The board will soon call for tenders from private individuals and corporate houses to buy solar power at a maximum price of Rs 3.5 per unit.
KASARGOD: With the political class failing Kerala State Electricity Board (KSEB) in meeting its renewable energy obligations set by the Centre, the body is considering to buy solar power directly from the people.
The board will soon call for tenders from private individuals and corporate houses to buy solar power at a maximum price of Rs 3.5 per unit, KSEB chairman and managing director N S Pillai told Express. “The tender will be for 200MW,” he said.
The decision comes against the backdrop of ministers and political parties, particularly the CPM, stonewalling attempts set up solar parks on government land in Kasargod, said officials. An ambitious project to generate 200MW of solar power in district was scaled down to 50MW because of resistance from the party.
To beat the paucity of government land, KSEB organised an investors’ meet for solar energy in Thiruvananthapuram on July 6.
“The solar meet was very encouraging. Private individuals were ready to commit enough land to generate up to 2,000MW of solar energy in the state,” said Pillai. To be sure, 2,000MW can meet the day-time energy needs of the entire state during the monsoon.
The official said KSEB wanted to start with 200MW, and scale up if the model worked out.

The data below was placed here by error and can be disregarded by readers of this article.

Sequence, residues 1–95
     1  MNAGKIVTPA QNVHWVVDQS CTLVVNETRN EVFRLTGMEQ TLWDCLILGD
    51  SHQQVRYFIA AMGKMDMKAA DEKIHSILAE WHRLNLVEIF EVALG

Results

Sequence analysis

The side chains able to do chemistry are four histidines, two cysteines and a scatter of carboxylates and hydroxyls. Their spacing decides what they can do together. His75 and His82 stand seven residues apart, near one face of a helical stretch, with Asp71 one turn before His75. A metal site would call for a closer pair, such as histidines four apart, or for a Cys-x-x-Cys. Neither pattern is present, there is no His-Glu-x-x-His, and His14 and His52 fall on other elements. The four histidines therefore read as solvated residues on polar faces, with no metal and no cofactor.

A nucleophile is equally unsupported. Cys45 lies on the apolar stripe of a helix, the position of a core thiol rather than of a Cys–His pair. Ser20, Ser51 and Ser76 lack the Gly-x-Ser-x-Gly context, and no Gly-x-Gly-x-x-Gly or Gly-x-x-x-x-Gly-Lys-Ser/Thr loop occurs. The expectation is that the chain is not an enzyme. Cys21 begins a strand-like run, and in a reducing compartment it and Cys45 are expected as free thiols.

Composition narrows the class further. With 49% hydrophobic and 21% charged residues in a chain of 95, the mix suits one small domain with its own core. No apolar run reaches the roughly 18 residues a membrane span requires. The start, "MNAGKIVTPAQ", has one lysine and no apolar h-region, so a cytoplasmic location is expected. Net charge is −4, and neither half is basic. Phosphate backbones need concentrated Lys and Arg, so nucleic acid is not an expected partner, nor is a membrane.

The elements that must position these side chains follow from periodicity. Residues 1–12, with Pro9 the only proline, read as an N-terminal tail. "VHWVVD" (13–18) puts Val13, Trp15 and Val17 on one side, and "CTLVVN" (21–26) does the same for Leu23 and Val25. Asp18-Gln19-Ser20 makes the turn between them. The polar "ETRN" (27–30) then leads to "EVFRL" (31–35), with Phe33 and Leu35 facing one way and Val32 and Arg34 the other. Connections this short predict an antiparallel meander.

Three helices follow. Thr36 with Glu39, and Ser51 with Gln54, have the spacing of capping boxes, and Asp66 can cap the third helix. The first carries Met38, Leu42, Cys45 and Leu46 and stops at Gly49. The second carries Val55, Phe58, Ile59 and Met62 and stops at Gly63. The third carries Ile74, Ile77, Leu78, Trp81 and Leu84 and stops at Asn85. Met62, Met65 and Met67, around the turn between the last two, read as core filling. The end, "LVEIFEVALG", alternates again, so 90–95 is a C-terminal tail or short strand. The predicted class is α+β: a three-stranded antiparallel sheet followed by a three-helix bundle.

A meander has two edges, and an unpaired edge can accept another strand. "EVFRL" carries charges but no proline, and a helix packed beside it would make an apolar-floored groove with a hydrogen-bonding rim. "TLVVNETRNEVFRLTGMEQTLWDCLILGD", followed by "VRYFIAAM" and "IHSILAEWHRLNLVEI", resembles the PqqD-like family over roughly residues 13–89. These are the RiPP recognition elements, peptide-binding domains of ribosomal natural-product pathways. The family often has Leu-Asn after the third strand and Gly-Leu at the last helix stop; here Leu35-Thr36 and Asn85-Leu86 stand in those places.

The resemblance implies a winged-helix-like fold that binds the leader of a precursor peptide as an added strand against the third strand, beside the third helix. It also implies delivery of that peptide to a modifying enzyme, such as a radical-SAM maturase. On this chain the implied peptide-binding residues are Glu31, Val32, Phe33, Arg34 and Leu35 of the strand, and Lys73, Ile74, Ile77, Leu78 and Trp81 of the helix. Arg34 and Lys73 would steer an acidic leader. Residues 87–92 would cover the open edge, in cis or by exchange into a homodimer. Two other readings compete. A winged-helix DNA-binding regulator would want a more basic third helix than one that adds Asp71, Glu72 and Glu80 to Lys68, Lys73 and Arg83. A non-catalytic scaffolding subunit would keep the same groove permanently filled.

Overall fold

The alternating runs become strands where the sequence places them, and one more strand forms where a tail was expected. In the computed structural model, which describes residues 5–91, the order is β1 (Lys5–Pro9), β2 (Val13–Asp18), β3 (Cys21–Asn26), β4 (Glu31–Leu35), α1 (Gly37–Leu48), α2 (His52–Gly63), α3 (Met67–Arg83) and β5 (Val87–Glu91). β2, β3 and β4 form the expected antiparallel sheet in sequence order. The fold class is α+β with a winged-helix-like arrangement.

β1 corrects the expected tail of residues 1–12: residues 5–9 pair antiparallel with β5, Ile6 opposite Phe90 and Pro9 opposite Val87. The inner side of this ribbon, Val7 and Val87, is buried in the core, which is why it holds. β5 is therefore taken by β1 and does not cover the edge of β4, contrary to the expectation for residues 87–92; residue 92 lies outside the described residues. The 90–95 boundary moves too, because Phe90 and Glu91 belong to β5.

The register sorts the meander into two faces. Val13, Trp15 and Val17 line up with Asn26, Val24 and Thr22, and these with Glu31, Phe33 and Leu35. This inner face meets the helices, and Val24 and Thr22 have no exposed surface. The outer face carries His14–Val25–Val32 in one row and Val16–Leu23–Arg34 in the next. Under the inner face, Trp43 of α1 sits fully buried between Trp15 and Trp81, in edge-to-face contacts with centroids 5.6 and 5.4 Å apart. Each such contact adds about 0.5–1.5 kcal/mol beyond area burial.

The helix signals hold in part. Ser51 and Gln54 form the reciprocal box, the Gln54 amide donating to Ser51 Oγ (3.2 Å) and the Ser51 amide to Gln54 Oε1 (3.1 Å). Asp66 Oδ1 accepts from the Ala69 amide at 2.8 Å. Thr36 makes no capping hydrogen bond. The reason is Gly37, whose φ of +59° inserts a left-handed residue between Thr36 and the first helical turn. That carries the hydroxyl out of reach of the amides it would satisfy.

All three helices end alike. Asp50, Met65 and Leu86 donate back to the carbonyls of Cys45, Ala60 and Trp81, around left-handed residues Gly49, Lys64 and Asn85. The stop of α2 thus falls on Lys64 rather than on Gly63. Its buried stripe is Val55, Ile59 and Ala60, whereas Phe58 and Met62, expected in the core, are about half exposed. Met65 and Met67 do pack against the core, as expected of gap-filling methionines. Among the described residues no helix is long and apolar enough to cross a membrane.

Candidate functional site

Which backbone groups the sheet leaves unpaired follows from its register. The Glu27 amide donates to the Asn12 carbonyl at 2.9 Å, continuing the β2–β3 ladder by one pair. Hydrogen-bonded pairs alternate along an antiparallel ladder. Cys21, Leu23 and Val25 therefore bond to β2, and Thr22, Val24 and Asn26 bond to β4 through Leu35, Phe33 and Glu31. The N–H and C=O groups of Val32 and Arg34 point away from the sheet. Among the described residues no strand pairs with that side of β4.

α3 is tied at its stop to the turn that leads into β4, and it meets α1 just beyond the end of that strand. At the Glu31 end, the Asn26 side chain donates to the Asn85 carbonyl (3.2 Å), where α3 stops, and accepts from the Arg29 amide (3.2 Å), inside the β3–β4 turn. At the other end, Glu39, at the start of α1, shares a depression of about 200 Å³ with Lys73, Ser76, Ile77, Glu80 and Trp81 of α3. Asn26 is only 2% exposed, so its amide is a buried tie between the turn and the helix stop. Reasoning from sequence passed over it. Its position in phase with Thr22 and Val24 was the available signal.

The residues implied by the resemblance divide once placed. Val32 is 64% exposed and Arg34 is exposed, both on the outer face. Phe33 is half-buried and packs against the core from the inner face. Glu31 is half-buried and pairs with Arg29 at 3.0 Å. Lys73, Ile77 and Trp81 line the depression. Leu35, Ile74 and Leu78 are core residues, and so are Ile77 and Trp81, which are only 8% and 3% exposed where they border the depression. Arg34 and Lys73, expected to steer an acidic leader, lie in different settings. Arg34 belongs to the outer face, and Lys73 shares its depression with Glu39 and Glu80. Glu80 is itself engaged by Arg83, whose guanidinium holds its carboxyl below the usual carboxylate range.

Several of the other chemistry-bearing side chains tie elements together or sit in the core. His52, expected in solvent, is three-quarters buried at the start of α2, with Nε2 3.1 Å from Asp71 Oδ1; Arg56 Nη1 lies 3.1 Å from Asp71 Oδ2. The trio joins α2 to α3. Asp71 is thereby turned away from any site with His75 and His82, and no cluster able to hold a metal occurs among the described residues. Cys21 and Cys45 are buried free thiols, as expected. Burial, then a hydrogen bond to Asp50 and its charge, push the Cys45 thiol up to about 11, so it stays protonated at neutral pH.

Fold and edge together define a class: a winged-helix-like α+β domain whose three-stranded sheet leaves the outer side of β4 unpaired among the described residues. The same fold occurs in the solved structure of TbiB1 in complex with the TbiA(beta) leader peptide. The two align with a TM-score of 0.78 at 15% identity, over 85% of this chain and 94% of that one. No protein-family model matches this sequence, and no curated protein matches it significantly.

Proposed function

According to sources, investors from Kasargod said they could make available 800 acres to 900 acres for solar projects. The meeting was attended by companies such as Hindustan Petroleum, Cochin International Airport Ltd, Mytrah Energy, Solgen, Bosch and Vikram Solar. “They can extend technical support to individuals,” Pillai said.
On its part, KSEB said it would not make any investment in the private park, but would only buy power from them.
Economics of solar energy
KSEB officials said investment in solar energy was a long-term game, with breakeven taking as long as 10 to 12 years.
Around four acres of land was required to generate 1MW of solar power, they said. “Considering the land is free of cost, the private players would have to invest Rs 4 crore to 4.5 crore for 1MW,” said a chief engineer. The central government would be giving a grant of Rs 20 lakh for every 1MW. Considering that the selling price is fixed at Rs 3.5 per unit for 25 years, the investor would break even after 12 years, he said. “Ideally, corporate houses can tap this opportunity,” he said.
KSEB is racing against time to meet its renewable energy target. According to the purchase obligations, KSEB should generate at least 8.5% of its energy from renewable sources by 2022. “And we are lagging big time,” said official.
A proposal to revive the solar park in Paivalige in Kasargod and another plan to set up a 200MW park on the land of Plantation Corporation of Kerala in Cheemeni in Kasargod were pending before revenue minister E Chandrasekharan, officials said.